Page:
FacebookTwitterGoogle+RedditEmail

Durban and the Closing Door

by ASHLEY DAWSON

South Africa, the birthplace of the policy of racial oppression and exploitation called apartheid, was a perfect destination for a conference designed to consolidate a new regime of climate-based inequality. Despite press reports heralding the success of the “Durban Platform,” the 17th meeting of the United Nations Conference of Parties (aka COP17) in South Africa in fact sealed a separate and unequal deal on climate change. Now that the dust has begun to settle from the conference, we can make out the key features of what the Climate Justice Network calls climate apartheid.

Perhaps most importantly, the Durban conference failed to deliver a fair and binding agreement to reduce global carbon emissions. There has been a lot of celebration over the preservation of the Kyoto Protocol in the media, but the brinksmanship that led to this outcome has in fact created what Pablo Solón, Bolivia’s former ambassador to the United Nations, called a zombie agreement. Here’s why such a harsh label is apt.

At Durban, a number of the world’s most polluting countries declared that they intend to withdraw from Kyoto’s legally binding regime of emissions reductions. Of course the United States never ratified the agreement, but now Canada, Japan, and Russia have also pulled out, with Australia and New Zealand threatening to follow suit. This means that the second round of negotiations over Kyoto will cover just 1/3rd of the developed nations, who collectively account for only 15% of the world’s annual carbon emissions. Whatever cuts the big polluters make will be purely voluntary. All the world has, in other words, are the emissions cuts countries pledged to in Copenhagen in 2010. These insufficient cuts – even if adhered to – doom the planet to suicidal warming of 4-5° Celsius.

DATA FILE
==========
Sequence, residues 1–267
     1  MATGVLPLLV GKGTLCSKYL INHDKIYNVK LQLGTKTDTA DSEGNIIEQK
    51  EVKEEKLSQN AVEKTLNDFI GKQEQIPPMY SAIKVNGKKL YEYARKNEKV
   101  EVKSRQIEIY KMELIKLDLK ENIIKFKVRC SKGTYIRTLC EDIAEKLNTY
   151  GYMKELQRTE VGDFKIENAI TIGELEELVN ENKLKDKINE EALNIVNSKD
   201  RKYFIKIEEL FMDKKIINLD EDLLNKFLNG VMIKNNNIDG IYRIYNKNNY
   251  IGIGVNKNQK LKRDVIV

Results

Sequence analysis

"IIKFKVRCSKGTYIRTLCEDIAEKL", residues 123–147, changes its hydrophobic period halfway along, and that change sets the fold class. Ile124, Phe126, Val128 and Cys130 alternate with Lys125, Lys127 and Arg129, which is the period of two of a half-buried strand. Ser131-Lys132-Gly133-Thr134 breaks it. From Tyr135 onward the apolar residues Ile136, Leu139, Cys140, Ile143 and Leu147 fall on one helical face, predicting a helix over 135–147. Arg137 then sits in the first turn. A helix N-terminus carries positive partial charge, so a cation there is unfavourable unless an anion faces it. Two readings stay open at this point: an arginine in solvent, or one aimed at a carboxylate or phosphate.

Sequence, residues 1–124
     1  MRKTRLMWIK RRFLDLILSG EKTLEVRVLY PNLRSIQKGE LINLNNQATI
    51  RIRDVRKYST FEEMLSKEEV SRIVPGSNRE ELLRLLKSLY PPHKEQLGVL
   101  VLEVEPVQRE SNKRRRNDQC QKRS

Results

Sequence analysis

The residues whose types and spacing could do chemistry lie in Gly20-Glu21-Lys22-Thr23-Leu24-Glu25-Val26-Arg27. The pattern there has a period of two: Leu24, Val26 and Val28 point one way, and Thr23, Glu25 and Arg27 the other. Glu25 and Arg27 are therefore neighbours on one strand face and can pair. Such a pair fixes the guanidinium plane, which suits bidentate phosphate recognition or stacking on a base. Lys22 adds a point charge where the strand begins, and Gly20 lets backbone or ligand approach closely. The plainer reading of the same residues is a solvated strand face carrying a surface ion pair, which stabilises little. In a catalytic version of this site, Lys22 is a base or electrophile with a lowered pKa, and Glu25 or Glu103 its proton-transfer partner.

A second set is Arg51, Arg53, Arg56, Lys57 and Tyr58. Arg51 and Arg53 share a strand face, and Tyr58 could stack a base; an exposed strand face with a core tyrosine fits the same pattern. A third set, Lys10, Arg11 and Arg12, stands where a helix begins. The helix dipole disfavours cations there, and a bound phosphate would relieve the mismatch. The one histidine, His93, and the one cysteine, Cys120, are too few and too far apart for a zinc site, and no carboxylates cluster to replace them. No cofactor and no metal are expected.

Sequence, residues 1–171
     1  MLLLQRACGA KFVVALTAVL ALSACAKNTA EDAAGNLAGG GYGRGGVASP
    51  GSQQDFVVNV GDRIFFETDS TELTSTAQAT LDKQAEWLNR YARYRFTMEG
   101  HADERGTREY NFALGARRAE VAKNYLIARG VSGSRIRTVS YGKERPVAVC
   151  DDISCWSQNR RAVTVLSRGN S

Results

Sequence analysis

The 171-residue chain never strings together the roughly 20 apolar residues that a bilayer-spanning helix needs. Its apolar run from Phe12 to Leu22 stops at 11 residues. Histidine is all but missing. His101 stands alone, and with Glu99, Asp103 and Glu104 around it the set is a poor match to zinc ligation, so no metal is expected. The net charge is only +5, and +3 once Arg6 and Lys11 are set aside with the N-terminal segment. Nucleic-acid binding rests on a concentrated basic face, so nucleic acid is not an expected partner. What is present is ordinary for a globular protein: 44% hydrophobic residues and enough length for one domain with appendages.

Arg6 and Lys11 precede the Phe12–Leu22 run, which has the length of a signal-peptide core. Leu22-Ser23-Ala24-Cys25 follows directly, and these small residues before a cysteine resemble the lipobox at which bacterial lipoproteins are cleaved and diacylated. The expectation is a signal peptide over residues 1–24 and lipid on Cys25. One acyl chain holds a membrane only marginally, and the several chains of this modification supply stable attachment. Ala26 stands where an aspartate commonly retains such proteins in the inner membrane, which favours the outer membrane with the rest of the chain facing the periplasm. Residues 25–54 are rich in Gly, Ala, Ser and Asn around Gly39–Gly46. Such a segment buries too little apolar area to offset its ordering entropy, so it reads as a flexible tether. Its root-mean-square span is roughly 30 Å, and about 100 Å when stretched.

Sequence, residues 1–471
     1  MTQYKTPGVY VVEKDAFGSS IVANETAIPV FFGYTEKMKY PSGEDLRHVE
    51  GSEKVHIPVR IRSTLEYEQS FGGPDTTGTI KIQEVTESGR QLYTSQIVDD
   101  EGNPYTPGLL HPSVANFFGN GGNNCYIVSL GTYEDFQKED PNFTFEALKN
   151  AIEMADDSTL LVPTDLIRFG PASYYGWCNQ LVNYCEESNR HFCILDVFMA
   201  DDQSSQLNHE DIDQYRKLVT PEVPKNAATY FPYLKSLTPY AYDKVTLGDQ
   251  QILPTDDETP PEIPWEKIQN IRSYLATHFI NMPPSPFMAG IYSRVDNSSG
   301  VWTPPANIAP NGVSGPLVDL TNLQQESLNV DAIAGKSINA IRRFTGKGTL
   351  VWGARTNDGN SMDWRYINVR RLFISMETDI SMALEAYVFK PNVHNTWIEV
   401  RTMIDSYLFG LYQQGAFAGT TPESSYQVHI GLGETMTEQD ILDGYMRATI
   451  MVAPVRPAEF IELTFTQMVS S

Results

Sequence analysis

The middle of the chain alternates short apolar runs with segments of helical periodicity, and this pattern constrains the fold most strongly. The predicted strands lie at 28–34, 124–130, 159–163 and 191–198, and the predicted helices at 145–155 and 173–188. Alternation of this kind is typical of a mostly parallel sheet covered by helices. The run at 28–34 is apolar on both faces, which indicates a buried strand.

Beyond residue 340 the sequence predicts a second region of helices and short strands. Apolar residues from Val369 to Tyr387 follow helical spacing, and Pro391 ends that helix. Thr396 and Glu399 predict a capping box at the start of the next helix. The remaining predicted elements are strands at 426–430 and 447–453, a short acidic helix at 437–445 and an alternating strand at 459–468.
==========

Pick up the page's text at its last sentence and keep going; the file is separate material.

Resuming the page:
Nonetheless, the so-called Durban Platform establishes a working group tasked with agreeing on some sort of legally binding protocol by 2015 – the major reason for perceptions of the conference’s success. But this agreement – whatever shape it takes – will only come into effect in 2020. Nnimmo Bassey, a Nigerian environmentalist and chair of Friends of the Earth International, called this eight-year hiatus “a death sentence for Africa.”

Bassey is not alone in this assessment. A recent report by the International Energy Association gives the world only 5 years to make the necessary significant cuts to our fossil fuel-based infrastructure in order to avert catastrophic climate change. Fatih Birol, chief economist of the IEA, recently stated that “the door is closing” on the world’s efforts to prevent catastrophe. That door will of course close fastest and hardest on the most vulnerable people around the planet, including the many millions of rural farmers who depend on increasingly unstable weather patterns in Africa.

The Durban Platform also guts the progressive aspects of the previous most important addendum to the Kyoto Protocol – the Bali Action Plan (BAP). BAP built on Kyoto’s model of common but differentiated responsibilities to tackle climate change. After all, while developing nations such as China may be producing large amounts of carbon today, it is advanced industrial countries such as the US, Japan, and the members of the EU who really polluted the atmosphere in the two hundred years since the industrial revolution. The Bali plan was based on cuts proportionate to this historical responsibility. Durban does away with this element of atmospheric equity, meaning that poor countries whose citizens still contribute relatively little carbon pollution on a per capita basis will face similar mitigation responsibilities as those in the rich and over-consuming nations.

In addition, little progress was made in Durban on one of the primary goals of previous agreements: some sort of fund to help developing countries not only adapt to the disastrous impacts of climate change, but also to help them mitigate their emissions through the transfer of green technologies. True, a Green Climate Fund (GCF) was established at Durban, but it is essentially an empty shell. As presently constituted, the GCF relies on voluntary donations by wealthy nations. It doesn’t take a weatherman to know which way the wind is blowing in that regard; remember the yet-to-materialize $100 billion Hilary Clinton promised two years ago at Copenhagen? Furthermore, the private sector is explicitly able to access the GCF, meaning that large multi-national corporations could become recipients of mitigation dollars for big boondoggle projects like eucalyptus plantations.

Finally, the Durban Platform keeps the carbon trading provisions of the Kyoto Protocol on life support. This is probably the main reason for the efforts of the European Union at the conference, which many commentators mistakenly perceived as heroic. The European Emissions Trading System hinges on keeping prices of carbon at a level at which mitigation is attractive, but the cost of carbon keeps crashing.